What Einstein did for physics, a Spaniard named Santiago Ramón y Cajal did for neuroscience more than a century ago.
Back in the 1890s, Cajal produced a series of drawings of brain cells that would radically change scientists' understanding of the brain.
And Cajal's drawings aren't just important to science. They are considered so striking that the Weisman Art Museum in Minneapolis has organized a traveling exhibition of Cajal's work called The Beautiful Brain.
"Before Cajal it was just completely different," Swanson says. "Most of the neuroscientists in the mid-19th century thought the nervous system was organized almost like a fishing net."
They saw the brain and nervous system as a single, continuous web, not a collection of separate cells. But Cajal reached a different conclusion.
"Cajal looked under the microscope at different parts of the brain and said, 'It's not like a fishing net,'" Swanson says. "There are individual units called nerve cells or neurons that are put together in chains to form circuits."
Cajal didn't just take notes on what he saw. He made thousands of highly detailed drawings, many of which are considered works of art.
That talent reflected Cajal's early training. As a young man, Cajal planned to be an artist. He sketched compulsively, and even taught himself photography.
But Cajal's father, a doctor, wanted his son to study medicine. So Cajal did. But he also began sketching what he saw during dissections and autopsies, and, later, through the lens of a microscope.
In his 30s, Cajal began to focus on the brain and nervous system. And he used a new cell staining method that revealed not only the cell body, but the delicate projections that allow communication with other cells.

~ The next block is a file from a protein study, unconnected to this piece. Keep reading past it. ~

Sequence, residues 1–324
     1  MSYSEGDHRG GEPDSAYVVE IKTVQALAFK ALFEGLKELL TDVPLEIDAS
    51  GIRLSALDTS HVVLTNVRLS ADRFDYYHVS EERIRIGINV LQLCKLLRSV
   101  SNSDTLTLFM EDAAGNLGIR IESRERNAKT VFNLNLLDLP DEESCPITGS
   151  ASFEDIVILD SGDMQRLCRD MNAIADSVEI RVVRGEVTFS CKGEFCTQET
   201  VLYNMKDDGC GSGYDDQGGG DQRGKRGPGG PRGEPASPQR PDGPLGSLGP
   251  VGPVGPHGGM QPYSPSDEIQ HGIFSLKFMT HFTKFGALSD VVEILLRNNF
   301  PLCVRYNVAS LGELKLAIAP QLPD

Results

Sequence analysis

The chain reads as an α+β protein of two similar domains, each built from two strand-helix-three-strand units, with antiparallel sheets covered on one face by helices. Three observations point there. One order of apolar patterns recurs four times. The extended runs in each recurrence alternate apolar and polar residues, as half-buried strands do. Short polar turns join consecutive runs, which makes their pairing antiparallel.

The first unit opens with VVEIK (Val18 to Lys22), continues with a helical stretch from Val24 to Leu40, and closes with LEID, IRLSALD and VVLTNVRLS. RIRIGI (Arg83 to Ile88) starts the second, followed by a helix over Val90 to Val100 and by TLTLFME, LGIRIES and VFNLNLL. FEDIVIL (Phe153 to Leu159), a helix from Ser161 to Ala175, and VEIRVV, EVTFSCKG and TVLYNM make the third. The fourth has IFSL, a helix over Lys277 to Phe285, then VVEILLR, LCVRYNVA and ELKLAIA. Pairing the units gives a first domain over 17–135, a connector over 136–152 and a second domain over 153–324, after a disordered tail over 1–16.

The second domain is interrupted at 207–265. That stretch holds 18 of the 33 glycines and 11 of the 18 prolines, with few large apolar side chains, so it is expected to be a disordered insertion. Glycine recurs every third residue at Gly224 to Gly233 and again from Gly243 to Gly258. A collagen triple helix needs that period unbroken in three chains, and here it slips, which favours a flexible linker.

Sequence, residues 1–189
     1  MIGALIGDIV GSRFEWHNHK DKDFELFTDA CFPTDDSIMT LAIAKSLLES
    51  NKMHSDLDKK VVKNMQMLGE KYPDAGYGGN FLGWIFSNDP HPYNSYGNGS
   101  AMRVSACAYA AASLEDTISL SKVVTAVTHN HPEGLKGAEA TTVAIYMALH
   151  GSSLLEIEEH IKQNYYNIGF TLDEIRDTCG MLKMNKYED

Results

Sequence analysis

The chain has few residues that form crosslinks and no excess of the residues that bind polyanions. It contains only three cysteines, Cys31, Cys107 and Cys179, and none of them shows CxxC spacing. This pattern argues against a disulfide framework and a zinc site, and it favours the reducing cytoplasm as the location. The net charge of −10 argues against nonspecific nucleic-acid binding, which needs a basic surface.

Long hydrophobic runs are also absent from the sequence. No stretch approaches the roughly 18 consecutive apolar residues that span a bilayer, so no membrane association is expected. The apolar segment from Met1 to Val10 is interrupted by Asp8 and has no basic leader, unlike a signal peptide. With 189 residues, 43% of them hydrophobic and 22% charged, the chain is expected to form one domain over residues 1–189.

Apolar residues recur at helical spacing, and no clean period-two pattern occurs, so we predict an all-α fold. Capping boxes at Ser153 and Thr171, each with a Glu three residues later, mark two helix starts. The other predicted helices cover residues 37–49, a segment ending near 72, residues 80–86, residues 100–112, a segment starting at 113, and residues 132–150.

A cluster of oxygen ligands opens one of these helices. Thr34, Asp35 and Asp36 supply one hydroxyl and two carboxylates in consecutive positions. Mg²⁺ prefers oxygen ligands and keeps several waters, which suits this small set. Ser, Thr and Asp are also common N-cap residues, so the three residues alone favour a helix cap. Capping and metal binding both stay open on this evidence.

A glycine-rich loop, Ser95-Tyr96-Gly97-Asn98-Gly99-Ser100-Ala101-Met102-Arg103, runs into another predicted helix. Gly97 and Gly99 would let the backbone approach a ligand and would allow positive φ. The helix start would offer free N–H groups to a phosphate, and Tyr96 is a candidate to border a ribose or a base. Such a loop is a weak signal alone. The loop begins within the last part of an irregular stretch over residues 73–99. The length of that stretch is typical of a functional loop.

"You see these black outlines," Swanson says. "There are hundreds of different shapes, like trees, like plants."
Cajal shared the Nobel Prize in 1906 with the Italian scientist Camillo Golgi, who devised the new cell-staining method but didn't share Cajal's ideas about the brain.
Decades later, electron microscopes would confirm Cajal's theory. And his drawings are still found in many neuroscience textbooks.
"The model of the nerve cell that everybody still learns is the one that Cajal laid out basically in the 1890s," Swanson says.
Yet today, Cajal is relatively unknown outside of scientific circles.
The name meant nothing to Lyndel King, who directs the Weisman Art Museum, when she was approached by two brain scientists from the University of Minnesota several years ago. The scientists were trying to interest King in organizing an exhibition of Cajal's drawings.
"I looked at some of them in books and I said, 'Wow, yes, we are going to do this,'" King says. "They are beautiful, beautiful drawings. They are scientific drawings, but they are art at the same time."
It took years to arrange the exhibition with the Cajal Institute in Madrid and the Spanish government. And it might never have happened without help from Alfonso Araque, a neuroscientist at the University of Minnesota who had previously worked at the Cajal Institute.
Choosing which drawings to include also proved challenging, King says. Artists and scientists often had different priorities, she says.
"They might say, 'Oh, this drawing is absolutely really important scientifically,' " King says. "And I would say, 'Yeah, but it's really dull visually. It's not aesthetically appealing.' "
Eventually King and the scientists agreed on 80 drawings. And many of them evoke much more than just brain anatomy," King says.
One of her favorites depicts glial cells from the cerebral cortex of a child. "To me it looks like fireworks, the Fourth of July," she says.
Another drawing reveals Cajal's whimsical side. It shows a damaged neuron in the cerebellum that seems to have more than an accidental resemblance to a penguin.
Perhaps the most important message from the Cajal exhibit is that art and science can work together, King says.
"Drawing is a way of thinking," she says. "And Cajal made these drawings as part of his thinking through his theories about the brain."